L.A.-based readers might be interested in the McSweeney’s Issue 37 release party at 826LA West on Monday, May 9th at 8 pm. I’ll be reading, along with fellow contributors Kevin Moffett and Larain Newman. The event will be hosted by Josh Bearman, and musician Tristen will perform.
The Guardian asked a bunch of authors, including Hilary Mantel, Geoff Dyer, and Ian Rankin, which books they "regularly reread and which novels they are desperate to unlock the secrets of." Check out John Banville's abiding fixation on the works on F. Scott Fitzgerald.
"Were you happy? With Green it's likelier you were in love, attuned to the littlest differences, rapt at eventless descriptions that should be boring but aren't, in awe of the way a cut-rate bunch of flowers is described, interpreting each symbol as a sign, sickened when your interpretation failed." On the novels of Henry Green.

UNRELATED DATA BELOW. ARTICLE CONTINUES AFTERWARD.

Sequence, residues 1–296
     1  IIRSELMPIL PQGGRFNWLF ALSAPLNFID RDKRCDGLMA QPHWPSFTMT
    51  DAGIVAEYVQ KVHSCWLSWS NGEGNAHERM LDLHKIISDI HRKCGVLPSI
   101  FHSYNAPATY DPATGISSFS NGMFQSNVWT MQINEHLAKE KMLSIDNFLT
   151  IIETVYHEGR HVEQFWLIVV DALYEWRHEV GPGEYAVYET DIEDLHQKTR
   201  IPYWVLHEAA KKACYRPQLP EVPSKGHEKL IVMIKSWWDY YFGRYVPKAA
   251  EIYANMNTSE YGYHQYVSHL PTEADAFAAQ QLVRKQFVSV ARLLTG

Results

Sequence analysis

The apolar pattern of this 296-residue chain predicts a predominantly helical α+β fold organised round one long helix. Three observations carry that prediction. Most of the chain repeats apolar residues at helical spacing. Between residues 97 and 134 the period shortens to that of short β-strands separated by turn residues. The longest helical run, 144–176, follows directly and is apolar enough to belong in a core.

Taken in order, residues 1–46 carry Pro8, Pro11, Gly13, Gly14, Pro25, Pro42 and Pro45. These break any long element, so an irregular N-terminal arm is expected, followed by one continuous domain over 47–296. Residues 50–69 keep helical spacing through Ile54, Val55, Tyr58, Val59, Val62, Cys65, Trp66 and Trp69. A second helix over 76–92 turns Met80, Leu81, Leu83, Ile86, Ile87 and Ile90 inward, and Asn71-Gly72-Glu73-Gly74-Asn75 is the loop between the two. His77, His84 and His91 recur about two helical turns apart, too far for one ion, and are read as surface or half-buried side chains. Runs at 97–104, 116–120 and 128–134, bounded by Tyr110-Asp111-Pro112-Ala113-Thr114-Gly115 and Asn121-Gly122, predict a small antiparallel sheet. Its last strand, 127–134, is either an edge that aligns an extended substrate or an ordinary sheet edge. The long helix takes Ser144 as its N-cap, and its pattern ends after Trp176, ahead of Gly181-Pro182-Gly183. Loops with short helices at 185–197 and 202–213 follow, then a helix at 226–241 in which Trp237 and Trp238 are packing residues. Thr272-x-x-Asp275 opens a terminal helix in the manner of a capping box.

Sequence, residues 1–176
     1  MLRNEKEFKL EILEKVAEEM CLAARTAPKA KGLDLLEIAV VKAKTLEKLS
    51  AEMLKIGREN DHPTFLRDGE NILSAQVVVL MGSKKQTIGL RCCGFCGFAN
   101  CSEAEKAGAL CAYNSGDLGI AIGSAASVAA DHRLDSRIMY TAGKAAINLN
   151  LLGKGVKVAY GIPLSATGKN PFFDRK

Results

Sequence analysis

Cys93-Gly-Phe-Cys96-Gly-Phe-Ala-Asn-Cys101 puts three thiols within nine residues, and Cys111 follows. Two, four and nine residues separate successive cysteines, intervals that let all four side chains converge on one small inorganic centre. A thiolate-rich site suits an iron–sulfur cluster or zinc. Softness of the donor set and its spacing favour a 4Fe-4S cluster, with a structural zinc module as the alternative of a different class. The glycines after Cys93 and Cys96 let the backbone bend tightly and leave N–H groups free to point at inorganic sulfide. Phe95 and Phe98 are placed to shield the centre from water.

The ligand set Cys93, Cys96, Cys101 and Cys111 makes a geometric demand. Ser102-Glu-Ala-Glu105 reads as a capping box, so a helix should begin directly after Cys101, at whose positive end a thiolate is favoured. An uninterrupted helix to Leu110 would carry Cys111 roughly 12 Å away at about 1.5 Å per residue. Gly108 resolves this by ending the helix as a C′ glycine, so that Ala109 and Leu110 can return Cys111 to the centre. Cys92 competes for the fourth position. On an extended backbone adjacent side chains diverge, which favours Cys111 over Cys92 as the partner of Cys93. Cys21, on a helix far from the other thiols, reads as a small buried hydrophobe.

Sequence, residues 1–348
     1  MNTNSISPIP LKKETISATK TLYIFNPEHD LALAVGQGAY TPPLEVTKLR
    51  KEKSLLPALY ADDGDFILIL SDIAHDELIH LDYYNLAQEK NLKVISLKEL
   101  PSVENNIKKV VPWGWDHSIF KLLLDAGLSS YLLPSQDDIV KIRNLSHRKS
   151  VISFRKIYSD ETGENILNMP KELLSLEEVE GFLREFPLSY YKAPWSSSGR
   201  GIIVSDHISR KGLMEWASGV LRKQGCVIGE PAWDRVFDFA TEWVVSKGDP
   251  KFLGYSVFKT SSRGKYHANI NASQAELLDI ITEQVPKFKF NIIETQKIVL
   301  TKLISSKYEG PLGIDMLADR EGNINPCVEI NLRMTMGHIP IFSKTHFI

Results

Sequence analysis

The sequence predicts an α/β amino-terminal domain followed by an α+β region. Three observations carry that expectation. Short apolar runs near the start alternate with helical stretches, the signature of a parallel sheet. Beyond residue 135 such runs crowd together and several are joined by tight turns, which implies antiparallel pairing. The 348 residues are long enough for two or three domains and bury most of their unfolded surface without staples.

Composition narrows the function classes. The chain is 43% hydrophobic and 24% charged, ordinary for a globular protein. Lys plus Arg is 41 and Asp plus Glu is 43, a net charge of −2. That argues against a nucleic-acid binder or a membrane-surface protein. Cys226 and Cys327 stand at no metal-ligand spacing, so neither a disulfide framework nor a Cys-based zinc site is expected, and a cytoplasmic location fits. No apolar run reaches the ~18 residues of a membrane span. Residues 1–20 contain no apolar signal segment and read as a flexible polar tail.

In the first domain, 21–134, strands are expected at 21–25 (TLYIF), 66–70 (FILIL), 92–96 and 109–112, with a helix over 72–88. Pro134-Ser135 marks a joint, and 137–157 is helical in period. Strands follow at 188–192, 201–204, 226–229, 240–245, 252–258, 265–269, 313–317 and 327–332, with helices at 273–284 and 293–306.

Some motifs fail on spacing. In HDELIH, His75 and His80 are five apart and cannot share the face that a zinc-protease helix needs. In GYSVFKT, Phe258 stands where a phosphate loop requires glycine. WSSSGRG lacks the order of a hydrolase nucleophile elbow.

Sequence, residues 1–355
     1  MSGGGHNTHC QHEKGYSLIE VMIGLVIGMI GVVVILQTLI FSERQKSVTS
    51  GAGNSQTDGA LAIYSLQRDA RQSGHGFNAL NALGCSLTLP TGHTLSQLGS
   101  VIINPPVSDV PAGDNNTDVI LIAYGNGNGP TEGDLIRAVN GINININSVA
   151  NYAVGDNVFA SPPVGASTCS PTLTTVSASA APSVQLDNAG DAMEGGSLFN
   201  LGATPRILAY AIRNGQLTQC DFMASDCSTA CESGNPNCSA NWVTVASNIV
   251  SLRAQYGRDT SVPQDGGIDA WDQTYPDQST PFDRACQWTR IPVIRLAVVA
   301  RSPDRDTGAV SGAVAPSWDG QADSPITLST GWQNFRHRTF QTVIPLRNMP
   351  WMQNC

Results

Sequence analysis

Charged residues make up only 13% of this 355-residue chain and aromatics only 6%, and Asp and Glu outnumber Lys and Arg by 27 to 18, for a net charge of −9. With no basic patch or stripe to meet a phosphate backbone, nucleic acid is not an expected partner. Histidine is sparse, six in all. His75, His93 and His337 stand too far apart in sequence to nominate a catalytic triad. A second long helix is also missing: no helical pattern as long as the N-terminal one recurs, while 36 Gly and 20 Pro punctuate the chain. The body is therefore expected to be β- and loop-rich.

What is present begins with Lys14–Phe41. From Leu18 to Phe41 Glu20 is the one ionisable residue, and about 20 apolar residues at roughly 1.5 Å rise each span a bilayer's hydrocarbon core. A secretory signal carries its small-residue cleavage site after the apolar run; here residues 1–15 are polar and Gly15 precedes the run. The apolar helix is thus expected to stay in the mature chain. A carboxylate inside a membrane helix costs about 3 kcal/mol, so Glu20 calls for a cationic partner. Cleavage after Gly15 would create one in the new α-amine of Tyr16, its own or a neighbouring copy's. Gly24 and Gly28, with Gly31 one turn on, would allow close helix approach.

Ever since the Man Booker prize was opened up to American writers, there’s been a renewed debate about America’s contributions to the literary scene. Many people have wondered who past Bookers would have gone to had American authors been eligible. At The Guardian, a roundtable including Year in Reading alum Joshua Ferris, Curtis Sittenfeld, Edna O’Brien and Martin Amis pick American books they think would have won if they’d had the chance. You could also read Joanna Scutts on the history of the prize, or check out the most recent Booker shortlist.
"[E]ven though he was already sick with the illness that would eventually become the tuberculosis that killed him, Orwell left London to live on the Scottish island of Jura (off and on) for the next few years, where he could try to focus on writing fiction instead of journalism." Nathan Gelgud creates a wonderful illustrated origin story of 1984 for Signature Reads. Pair with this piece on the fall (literally) of the ur-Orwellian home.
In a piece for Aeon, D. Watkins – who previously blew onto the scene with his Salon essay, “Too Poor for Pop Culture” – looks into “the two Baltimores” he has known. Tracing the city’s history back to the Civil War, he defines the city as “a place split on ideologies because it’s too south to be north and too north to be south.”